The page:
Klamath Falls Record of Decision and Resource Management Plan

Klamath Falls Record of Decision

Klamath Falls District Resource Management Plan Table of Contents:

- Tables

- Maps

- Appendices

Land Tenure Adjustments


Make land tenure adjustments to benefit a variety of uses and values. Emphasize opportunities that conserve biological diversity, enhance ecosystem management, or improve management efficiency.

Meet the following objectives for the three land tenure adjustment zones:

  • Zone 1: generally, retain these lands under BLM administration.
  • Zone 2: "block up" areas in Zone 2 with significant resource values and exchange other lands in Zone 2 to "block up" areas in Zones 1 and 2 with significant resource values.
  • Zone 3: retain lands with unique resource values; dispose of other lands in this zone using appropriate disposal mechanisms.

Make BLM-administered lands in Zones 1, 2, and 3 available for a variety of uses as authorized by section 302 of the Federal Land Policy and Management Act, the Recreation and Public Purposes Act, and special recreation permits.

Manage newly acquired lands for the purpose for which they are acquired or consistent with the management objectives for adjacent BLM-administered lands. If lands with unique or fragile resource values are acquired, protect those values until the next plan revision.

Eliminate unauthorized use of BLM-administered land.

Land Use Allocations

See Map 11 for location of land tenure zones. See Appendix I for legal descriptions of Zone 3 lands.

Management Actions/Direction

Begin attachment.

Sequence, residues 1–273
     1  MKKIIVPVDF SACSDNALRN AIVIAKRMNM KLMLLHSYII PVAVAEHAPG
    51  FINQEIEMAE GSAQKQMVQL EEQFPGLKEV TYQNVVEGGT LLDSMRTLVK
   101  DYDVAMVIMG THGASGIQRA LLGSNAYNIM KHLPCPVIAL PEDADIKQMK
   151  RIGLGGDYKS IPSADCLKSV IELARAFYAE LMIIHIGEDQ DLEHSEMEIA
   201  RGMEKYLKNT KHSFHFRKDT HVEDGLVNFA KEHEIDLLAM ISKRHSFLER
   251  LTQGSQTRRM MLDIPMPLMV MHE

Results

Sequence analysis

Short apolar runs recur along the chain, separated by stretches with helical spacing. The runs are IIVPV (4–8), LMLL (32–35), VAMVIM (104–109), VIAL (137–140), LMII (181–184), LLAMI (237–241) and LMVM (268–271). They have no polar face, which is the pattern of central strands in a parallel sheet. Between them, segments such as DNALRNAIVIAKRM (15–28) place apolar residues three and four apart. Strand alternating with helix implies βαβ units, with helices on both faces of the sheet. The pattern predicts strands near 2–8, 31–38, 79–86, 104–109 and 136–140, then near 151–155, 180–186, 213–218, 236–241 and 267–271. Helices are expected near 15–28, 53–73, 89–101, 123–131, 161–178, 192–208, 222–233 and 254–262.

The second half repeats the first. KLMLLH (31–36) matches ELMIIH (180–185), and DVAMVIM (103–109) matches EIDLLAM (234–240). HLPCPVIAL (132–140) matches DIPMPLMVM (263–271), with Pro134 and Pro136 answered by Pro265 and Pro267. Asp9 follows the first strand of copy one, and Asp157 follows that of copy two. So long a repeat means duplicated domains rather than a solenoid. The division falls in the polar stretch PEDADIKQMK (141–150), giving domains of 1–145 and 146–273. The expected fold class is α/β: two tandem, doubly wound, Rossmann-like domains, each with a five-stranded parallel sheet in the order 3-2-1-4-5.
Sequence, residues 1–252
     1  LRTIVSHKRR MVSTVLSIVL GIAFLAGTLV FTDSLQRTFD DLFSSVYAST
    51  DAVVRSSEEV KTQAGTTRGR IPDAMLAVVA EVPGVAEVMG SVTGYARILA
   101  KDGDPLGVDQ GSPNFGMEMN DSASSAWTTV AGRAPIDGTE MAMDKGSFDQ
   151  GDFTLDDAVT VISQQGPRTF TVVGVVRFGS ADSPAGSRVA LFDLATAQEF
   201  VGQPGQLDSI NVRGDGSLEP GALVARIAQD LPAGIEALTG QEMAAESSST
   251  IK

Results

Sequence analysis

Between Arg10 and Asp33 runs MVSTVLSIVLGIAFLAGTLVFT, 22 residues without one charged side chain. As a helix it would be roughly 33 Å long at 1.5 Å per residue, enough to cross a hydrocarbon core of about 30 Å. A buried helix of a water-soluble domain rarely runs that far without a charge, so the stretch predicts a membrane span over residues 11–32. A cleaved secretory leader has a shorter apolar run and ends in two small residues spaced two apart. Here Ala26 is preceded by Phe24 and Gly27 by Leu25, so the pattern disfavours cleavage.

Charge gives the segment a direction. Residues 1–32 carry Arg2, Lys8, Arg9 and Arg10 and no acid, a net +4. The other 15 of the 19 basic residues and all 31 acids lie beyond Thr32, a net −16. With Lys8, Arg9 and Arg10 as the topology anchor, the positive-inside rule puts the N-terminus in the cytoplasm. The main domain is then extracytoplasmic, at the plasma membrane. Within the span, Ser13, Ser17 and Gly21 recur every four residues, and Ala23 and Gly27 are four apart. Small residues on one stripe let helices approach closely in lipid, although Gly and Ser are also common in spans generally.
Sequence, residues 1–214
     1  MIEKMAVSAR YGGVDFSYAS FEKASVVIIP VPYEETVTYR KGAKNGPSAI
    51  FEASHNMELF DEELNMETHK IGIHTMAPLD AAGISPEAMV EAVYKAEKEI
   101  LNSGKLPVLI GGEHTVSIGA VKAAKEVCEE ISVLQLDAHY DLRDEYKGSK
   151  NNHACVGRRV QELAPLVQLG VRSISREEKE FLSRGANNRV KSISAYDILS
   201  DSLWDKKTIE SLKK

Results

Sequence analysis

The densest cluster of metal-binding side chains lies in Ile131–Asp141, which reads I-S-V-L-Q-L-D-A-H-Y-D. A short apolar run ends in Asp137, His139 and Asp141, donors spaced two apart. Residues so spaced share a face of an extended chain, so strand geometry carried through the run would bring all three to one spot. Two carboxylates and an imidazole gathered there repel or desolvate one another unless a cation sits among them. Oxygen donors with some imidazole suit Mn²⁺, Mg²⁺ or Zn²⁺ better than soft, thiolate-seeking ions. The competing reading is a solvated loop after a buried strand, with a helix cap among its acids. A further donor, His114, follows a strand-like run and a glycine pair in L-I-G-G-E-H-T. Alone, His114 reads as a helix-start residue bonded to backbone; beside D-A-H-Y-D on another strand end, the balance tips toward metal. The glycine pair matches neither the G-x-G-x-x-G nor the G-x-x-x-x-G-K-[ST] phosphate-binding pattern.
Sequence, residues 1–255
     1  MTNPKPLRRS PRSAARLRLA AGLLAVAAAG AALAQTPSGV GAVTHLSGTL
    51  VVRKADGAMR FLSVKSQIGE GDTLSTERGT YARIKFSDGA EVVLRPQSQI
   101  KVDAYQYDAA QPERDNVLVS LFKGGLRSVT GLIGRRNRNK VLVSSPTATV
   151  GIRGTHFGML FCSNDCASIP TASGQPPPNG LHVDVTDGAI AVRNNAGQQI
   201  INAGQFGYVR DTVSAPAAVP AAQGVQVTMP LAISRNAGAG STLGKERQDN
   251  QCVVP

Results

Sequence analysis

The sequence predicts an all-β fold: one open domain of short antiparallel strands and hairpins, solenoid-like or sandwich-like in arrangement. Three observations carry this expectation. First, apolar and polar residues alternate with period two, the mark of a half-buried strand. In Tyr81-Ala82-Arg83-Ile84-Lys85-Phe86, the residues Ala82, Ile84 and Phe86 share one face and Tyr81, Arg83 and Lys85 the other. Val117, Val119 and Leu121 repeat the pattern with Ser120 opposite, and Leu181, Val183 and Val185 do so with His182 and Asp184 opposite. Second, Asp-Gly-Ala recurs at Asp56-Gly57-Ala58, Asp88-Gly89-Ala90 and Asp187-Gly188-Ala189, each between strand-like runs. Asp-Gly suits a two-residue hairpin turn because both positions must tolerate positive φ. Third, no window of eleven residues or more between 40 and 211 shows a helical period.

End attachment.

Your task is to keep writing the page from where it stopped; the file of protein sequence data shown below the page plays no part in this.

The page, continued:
All Land Use Allocations

Use the land tenure adjustment criteria shown in Appendix I when conducting environmental analyses for site-specific proposals. Application of these criteria may result in retention of some Zone 2 or 3 lands.

Maintain or increase public land holdings in Zone 1 by retaining public lands and acquiring nonfederal lands with high public resource values. The primary mode of acquisition will be through exchange of BLM-administered lands in Zones 2 and 3. Utilize purchases and donations if exchange is not feasible.

Consult with county governments prior to any land exchange.

Consider the effect of land tenure adjustments on the mineral estate. If the lands are not known to have mineral potential, the mineral estate will normally be transferred simultaneously with the surface estate.

Minimize impact on local tax base by emphasizing exchanges rather than fee purchase.

Make exchanges to enhance public resource values and/or improve land patterns and management capabilities of both private and BLM-administered land within the planning area by consolidating ownership and reducing the potential for land use conflict.

Consider transfer of BLM-administered land to other Federal agencies or acquisition of other federal lands where consistent with public land management policy and where improved management efficiency will result.

Consider conveying the subsurface mineral interest owned by the United States to the existing or proposed owner of the surface estate consistent with the Federal Land Policy and Management Act Section 209(b).

Prohibit disposal of Zone 2 lands through sales under Section 203(a) of the Federal Land Policy and Management Act. Zone 2 lands may be transferred to other public agencies or managed under some form of cooperative agreement. Zone 2 lands will generally remain under BLM administration.

Dispose of Zone 3 lands through sale under Section 203(a) of the Federal Land Policy and Management Act if no viable exchange proposals can be identified. Zone 3 lands could also be transferred to another Federal agency or state or local government as needed, to accommodate community expansion or other public purposes.

Riparian Reserves

Use land acquisition, exchange, and conservation easements to meet Aquatic Conservation Strategy objectives and facilitate restoration of fish stocks and others species at risk of extinction.

Late-Successional/District Designated Reserves

Consider land exchanges when they will provide benefits equal to or better than current conditions.

Consider land exchanges especially to improve area, distribution, and quality (for example, connectivity, shape, and contribution to biodiversity) of Late-Successional/District Designated Reserves and where public and private lands are intermingled.